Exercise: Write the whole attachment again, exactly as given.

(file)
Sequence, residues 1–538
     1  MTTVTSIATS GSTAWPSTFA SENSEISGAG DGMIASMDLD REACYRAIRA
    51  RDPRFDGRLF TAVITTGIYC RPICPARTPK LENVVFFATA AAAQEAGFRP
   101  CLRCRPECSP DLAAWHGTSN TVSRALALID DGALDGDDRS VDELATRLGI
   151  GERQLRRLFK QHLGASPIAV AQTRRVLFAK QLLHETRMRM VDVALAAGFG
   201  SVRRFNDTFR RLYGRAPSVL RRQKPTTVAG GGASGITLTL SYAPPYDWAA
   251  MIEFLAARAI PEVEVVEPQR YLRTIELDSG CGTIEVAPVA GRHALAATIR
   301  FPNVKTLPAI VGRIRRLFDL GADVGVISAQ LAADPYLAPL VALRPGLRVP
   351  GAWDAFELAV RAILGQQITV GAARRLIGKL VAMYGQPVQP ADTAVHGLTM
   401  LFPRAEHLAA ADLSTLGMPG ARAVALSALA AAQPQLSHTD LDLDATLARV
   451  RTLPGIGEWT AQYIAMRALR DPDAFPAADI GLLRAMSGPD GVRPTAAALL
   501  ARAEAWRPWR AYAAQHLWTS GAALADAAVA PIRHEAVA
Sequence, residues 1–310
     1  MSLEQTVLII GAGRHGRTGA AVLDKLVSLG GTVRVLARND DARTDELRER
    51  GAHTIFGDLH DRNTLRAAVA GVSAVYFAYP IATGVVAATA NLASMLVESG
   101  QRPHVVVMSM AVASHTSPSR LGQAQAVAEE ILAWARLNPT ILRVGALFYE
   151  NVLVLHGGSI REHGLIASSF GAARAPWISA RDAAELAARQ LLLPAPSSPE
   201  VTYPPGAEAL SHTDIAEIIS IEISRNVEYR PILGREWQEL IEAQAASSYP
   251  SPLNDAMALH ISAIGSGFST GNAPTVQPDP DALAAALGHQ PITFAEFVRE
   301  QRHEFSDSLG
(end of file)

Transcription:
Sequence, residues 1–538
     1  MTTVTSIATS GSTAWPSTFA SENSEISGAG DGMIASMDLD REACYRAIRA
    51  RDPRFDGRLF TAVITTGIYC RPICPARTPK LENVVFFATA AAAQEAGFRP
   101  CLRCRPECSP DLAAWHGTSN TVSRALALID DGALDGDDRS VDELATRLGI
   151  GERQLRRLFK QHLGASPIAV AQTRRVLFAK QLLHETRMRM VDVALAAGFG
   201  SVRRFNDTFR RLYGRAPSVL RRQKPTTVAG GGASGITLTL SYAPPYDWAA
   251  MIEFLAARAI PEVEVVEPQR YLRTIELDSG CGTIEVAPVA GRHALAATIR
   301  FPNVKTLPAI VGRIRRLFDL GADVGVISAQ LAADPYLAPL VALRPGLRVP
   351  GAWDAFELAV RAILGQQITV GAARRLIGKL VAMYGQPVQP ADTAVHGLTM
   401  LFPRAEHLAA ADLSTLGMPG ARAVALSALA AAQPQLSHTD LDLDATLARV
   451  RTLPGIGEWT AQYIAMRALR DPDAFPAADI GLLRAMSGPD GVRPTAAALL
   501  ARAEAWRPWR AYAAQHLWTS GAALADAAVA PIRHEAVA
Sequence, residues 1–310
     1  MSLEQTVLII GAGRHGRTGA AVLDKLVSLG GTVRVLARND DARTDELRER
    51  GAHTIFGDLH DRNTLRAAVA GVSAVYFAYP IATGVVAATA NLASMLVESG
   101  QRPHVVVMSM AVASHTSPSR LGQAQAVAEE ILAWARLNPT ILRVGALFYE
   151  NVLVLHGGSI REHGLIASSF GAARAPWISA RDAAELAARQ LLLPAPSSPE
   201  VTYPPGAEAL SHTDIAEIIS IEISRNVEYR PILGREWQEL IEAQAASSYP
   251  SPLNDAMALH ISAIGSGFST GNAPTVQPDP DALAAALGHQ PITFAEFVRE
   301  QRHEFSDSLG